An easement is defined as a right to use or access another person's property without having ownership of it. Essentially a private right of way, an easement allows those who have no other route to a public highway to use private lanes or driveways in order to reach them. If you cannot access your property directly by a public road then there will most likely be an easement in your Title Deeds. This will give you the right to pass and re-pass over a lane or driveway which leads to a public highway.
Below I have set out some common examples of easements:
When a large property has been redeveloped, split into several different properties and sold off to different owners. The ownership of the lane or driveway will be contained within the title of one property- the servient tenement. The other properties - the dominant tenements - will have a right of way over the land to enable them to access their property from the public highway.
If a property is built with a septic tank it may be constructed on a neighbours land. The tank can be used either exclusively by that property or in common with other nearby properties. An easement can be granted to give those who use the septic tank the right to have their waste drained into the tank and the right to go onto their neighbours land to have the tank emptied, repaired or maintained.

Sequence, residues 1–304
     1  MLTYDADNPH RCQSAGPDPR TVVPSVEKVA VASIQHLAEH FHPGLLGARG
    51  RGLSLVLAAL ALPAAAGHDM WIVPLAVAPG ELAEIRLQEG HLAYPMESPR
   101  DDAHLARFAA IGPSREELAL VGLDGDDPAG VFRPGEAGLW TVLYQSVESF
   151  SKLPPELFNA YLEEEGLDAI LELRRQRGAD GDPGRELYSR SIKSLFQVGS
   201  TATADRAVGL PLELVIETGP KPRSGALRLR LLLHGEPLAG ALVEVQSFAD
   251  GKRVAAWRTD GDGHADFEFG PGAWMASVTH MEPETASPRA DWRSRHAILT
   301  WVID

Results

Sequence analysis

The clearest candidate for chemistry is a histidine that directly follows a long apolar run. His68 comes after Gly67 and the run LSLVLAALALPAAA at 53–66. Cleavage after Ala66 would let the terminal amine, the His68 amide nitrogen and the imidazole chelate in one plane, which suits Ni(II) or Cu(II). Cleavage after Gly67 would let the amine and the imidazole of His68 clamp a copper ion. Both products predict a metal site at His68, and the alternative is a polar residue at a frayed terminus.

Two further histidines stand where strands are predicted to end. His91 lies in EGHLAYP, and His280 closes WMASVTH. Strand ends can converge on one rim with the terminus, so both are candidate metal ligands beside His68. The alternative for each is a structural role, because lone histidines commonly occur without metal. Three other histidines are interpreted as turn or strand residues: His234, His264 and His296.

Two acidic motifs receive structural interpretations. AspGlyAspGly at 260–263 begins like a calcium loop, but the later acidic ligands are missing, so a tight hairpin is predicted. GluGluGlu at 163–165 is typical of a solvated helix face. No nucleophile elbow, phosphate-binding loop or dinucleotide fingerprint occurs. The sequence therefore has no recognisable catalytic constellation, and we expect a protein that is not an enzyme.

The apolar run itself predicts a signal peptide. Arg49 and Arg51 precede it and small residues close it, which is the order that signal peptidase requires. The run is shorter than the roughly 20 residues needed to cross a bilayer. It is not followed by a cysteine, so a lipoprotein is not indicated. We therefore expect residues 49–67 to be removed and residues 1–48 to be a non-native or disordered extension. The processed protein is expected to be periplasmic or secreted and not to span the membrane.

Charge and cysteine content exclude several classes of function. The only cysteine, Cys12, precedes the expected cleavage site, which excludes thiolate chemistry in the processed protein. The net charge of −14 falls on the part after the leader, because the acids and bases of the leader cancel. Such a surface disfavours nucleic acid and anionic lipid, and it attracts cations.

If you live in a semi detached or terraced property it is highly likely that you have been granted easements over your neighbour's land in your title. Your neighbours will have also been granted easements over your land. This allows for pipes, drains and cables to run over and under each other's property to allow the supply of gas, electricity and water.
I have dealt with easement disputes concerning:
Shared rights of way;
costs or contribution to costs for maintaining the right of way;
neighbours behaving as if they have legal right of way when they do not;
individuals blocking neighbour's gutters after taking exception to their neighbour's rainwater running down a shared pipe.
In the majority of cases easements cause no problems to the properties that are affected by them. However, disputes do sometimes occur and in these circumstances prompt action with the assistance of Clough & Willis can ensure that matters are resolved quickly. Some of the problems I have outlined may amount to little more than minor irritations. Depending on the relationship you have with your neighbours, issues may be easily resolved by speaking directly to them and reminding them of the actual right of way if one exists at all.
Easement disputes can have a negative effect the value of a property and deter potential buyers. If you have any issues with your neighbours that you have not been able to resolve get in touch with me as soon as you can and I will provide you with expert guidance on your situation.
I always aim to resolve disputes amicably, whereever possible. When action is required to deal with a difficult and obstructive neighbour, I will guide you through the process whether your case is dealt with in court of by the Adjudicator of the Land Registry.